Off with the blouse. It flutters to the ground like papel picado, like a prayer flag. You could move, you and Bea and Will, to Nepal. After a death, people give you a month, close friends, three. Then they move on, and you are frozen on the wrong side of longing.
In Nepal, you could sit still for a very long time.
It was nothing like a car crash. Inevitable. The disease waited until Eva was a success- ful journalist and mother. It creeped until you and Eva had grown intertwined, the way redwood trees formed fairy rings. How to know who you are without her. She was let- ter-pressed onto your skin. And yet, you never knew how it was to be inside that body, inside that mind. You pick up a low-cut velvet dress. It is too tight to wear, won’t fit over your shoulders, but it feels heavy and soft against your chest.
You are returning from the lab late tonight and start thinking of ways to make it up to Eva. Two months ago, you two gathered around the pregnancy test, pointing at the pink + excitedly. Now the life within her reveals itself, a half moon above her pelvis. You stop by the bookstore to pick her up something. You write in the front cover, next to a drawing of an astronaut, “I am more excited than nervous, and I am very, very nervous.”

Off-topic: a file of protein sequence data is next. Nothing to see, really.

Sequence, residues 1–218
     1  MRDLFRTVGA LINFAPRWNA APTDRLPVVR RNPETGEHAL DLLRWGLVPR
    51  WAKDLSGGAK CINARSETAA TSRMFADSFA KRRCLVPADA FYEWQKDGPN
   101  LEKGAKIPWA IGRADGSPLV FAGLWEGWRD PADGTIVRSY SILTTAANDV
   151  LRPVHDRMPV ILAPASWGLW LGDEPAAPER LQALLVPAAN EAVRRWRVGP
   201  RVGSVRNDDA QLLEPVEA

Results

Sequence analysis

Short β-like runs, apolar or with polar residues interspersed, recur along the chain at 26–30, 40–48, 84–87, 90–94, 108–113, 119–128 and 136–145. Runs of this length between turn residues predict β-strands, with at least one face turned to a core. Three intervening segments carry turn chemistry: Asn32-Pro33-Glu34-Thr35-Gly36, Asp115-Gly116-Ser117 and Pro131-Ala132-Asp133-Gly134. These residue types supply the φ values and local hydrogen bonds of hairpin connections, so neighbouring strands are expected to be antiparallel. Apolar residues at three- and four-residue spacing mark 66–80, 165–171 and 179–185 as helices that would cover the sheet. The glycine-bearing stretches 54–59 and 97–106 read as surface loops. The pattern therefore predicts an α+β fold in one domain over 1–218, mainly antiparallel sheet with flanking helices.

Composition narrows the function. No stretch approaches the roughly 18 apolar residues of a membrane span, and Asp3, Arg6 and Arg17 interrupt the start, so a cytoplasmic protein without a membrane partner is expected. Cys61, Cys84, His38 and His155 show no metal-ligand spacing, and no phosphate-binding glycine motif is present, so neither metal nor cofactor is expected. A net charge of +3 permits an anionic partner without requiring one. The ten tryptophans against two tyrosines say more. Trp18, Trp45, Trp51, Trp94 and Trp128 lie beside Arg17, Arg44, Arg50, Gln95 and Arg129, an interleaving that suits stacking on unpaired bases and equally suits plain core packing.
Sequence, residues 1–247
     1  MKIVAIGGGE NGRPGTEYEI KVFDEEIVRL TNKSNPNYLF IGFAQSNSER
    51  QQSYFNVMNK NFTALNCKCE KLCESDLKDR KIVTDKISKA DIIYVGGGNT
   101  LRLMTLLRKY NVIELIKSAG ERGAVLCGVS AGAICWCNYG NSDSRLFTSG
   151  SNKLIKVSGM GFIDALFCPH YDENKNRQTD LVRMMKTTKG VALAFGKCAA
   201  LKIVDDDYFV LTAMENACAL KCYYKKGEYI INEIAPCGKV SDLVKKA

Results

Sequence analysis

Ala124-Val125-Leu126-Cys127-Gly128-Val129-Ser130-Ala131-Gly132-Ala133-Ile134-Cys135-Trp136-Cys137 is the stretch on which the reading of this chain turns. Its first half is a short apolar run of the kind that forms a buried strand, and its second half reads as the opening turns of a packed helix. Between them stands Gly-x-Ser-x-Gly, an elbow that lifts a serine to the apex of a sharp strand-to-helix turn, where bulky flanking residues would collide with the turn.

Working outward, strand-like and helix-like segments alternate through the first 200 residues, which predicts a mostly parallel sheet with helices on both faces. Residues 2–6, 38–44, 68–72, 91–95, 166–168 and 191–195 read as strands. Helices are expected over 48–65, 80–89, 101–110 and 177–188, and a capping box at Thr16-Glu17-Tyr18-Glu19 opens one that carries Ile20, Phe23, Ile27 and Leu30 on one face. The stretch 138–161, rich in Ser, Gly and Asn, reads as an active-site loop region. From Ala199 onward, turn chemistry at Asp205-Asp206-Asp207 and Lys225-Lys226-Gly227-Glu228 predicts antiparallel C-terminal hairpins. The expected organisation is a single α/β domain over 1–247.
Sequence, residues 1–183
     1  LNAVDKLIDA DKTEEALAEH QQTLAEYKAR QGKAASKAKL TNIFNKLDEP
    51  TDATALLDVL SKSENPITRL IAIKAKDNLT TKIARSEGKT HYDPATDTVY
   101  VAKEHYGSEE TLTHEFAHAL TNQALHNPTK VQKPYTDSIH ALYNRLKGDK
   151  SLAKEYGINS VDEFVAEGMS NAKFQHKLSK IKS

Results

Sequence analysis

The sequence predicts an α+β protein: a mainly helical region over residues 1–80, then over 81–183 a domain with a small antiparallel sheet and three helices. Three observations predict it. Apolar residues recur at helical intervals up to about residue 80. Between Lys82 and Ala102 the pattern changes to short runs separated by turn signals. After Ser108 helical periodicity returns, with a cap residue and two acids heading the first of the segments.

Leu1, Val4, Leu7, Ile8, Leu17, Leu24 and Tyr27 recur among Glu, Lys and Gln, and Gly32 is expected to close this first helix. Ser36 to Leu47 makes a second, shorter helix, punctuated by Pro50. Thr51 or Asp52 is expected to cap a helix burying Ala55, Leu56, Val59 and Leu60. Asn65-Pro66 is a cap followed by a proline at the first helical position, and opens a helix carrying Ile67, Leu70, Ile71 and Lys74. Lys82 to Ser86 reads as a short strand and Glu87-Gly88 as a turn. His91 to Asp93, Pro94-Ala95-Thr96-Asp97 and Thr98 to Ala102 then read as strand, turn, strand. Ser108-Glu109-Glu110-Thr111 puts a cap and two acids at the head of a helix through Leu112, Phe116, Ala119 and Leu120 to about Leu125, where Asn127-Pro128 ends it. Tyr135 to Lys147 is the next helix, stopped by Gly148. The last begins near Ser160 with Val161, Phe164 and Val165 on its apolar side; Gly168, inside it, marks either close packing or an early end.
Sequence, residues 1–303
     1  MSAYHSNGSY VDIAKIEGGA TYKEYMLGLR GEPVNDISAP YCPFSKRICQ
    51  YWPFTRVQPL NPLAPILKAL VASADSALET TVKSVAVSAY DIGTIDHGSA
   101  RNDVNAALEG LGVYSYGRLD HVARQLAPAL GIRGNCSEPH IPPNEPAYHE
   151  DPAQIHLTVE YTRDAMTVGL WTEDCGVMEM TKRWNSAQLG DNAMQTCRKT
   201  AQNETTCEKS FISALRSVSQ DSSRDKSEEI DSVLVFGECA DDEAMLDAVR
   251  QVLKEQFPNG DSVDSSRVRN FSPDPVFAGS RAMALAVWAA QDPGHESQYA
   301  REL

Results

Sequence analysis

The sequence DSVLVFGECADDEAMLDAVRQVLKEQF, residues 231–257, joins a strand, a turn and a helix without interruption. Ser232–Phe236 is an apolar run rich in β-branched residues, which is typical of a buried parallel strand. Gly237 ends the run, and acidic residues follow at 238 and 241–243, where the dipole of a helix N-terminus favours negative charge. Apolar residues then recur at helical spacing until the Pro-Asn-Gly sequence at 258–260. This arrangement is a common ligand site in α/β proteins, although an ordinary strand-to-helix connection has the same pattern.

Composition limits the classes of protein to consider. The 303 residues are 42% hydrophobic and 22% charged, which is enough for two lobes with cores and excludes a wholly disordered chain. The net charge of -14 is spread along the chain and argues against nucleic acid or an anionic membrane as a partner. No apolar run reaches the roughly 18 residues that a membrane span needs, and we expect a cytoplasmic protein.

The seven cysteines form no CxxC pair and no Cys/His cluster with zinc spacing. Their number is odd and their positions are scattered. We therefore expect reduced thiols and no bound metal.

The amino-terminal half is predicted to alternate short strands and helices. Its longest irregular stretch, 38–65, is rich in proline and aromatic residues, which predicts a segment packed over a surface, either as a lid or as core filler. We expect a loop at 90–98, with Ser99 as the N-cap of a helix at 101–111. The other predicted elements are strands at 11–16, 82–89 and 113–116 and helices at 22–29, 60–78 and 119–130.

Entering the apartment, you stop. Eva leans against the counter in one of your favorite dresses, eyes dancing. Its tightness accentuates her baby bump. You cross the room, setting the book down beside her. “Wow,” you say. Eva kisses you deeply.
“Daddy, what are you doing?” Will stands in doorway, his small form frozen. You turn to him, still in the blouse, a parody of his mother. Will begins to cry.
“No, no, Wallaby, it’s okay.” You pick him up, put him on your lap. He sits, playing with the bow, as you sing to him. He falls asleep, and toddler snot and drool spills onto your chest, all over her shirt. Her scent will fade soon.
But Will is alive, and Eva is dead. You play with his curls, which come to hold your hands.
The next morning, you dress for work. Slacks, white button up, tie. Unremarkable.
Half-unbuttoned, the shirt shows Eva’s neck, collarbone, the crevice between her breasts. She wears no pants, lying on your bed. You sit on her thighs, holding her arms together above her head with one hand. “Listen,” you say, tickling her. She giggles. “Listen, you make me joyful. Stop laughing.” You smile, and she shakes silently. You tickle her harder. “Listen, shhh, now. I am trying to express myself.” She attempts to frown. “I love you, Eva. I love you, I love you, I love—” She climbs on top, pins you down.